I have to say as a 12 year member here, this is the most impressive post I've ever read here. I've seen people learn here and grow from it and watched them change and widen their views and are such enjoyable long term members now. I've seen others be unable to listen and learn and realize that they, along with the rest of us, can always find a way to learn from others experience. That we never get to be experts, we constantly can learn more and grow. Those members usually disappear without warning for good, or they stalk off with a angry/hurt post (which nobody ever wants to see happen!) and sometimes pop up down the line when they are ready to join the rest of us in learning.
    I too have seen growth in your posts and this post proves why forums like this make a true difference in our lives.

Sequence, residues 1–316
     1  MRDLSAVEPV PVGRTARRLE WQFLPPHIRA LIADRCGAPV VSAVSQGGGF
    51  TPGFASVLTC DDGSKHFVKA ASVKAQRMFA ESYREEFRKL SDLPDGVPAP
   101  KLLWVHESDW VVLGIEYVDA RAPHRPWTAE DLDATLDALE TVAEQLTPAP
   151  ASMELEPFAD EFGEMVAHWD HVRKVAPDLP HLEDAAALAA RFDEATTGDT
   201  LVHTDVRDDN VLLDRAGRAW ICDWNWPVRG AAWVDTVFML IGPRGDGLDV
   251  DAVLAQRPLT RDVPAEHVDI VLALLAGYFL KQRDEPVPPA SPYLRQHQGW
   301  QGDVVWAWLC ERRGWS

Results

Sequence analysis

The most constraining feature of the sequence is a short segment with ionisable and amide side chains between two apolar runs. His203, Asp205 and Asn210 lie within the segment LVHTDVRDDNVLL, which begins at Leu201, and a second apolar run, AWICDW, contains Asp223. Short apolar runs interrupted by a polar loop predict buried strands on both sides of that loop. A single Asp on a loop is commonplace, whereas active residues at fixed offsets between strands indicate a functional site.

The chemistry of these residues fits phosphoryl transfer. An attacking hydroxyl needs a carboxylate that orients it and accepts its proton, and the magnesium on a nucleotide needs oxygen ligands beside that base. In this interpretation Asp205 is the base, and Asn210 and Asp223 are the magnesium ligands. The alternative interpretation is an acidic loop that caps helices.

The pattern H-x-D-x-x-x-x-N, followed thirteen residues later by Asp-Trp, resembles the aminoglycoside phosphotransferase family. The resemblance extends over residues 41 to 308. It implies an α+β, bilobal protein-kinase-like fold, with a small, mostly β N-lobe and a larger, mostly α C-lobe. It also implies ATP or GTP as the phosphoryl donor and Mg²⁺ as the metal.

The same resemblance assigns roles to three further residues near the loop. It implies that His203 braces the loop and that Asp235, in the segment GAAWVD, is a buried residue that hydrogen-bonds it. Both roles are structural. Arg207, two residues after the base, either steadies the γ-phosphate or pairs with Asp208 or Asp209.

You know, I wonder if your sister ever realized you were so upset by the series of events when you were there, and I wonder if she at any time felt judged. As a sister whose brother left me at times feeling judged and found wanting, I know it would mean the world if he ever came to me to say that he did his best with what he knew at the time, but that he might not have been right all the time and that he's been learning and growing and hopes that I don't ever feel judged again. Overall, a person willing and committed to learning and growth can only do good for difficult child family members. Something tells me combining this growth of yours along with your obvious desire to love your nephew and support your sister might mean even without being involved full time anymore, you might have something unique to offer now that might just over time be invaluable.
    Keep it up :)
     
  8. Steely

    Steely Active Member

    Wow I agree!!!! This post makes me really happy.
    To think that all of our hardships with our kids could enlighten someone else, makes swallowing the "difficult child reality pill" a little easier to swallow :)